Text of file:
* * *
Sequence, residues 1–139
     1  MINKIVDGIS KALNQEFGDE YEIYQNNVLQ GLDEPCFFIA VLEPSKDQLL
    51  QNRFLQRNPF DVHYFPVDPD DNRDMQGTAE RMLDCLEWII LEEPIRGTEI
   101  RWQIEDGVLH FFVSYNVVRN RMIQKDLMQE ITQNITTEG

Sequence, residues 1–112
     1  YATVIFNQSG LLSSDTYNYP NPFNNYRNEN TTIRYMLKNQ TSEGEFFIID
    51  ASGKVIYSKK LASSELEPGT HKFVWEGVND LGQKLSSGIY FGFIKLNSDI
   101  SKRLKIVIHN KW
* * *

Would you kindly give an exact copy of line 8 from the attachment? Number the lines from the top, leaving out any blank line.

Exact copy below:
   101  SKRLKIVIHN KW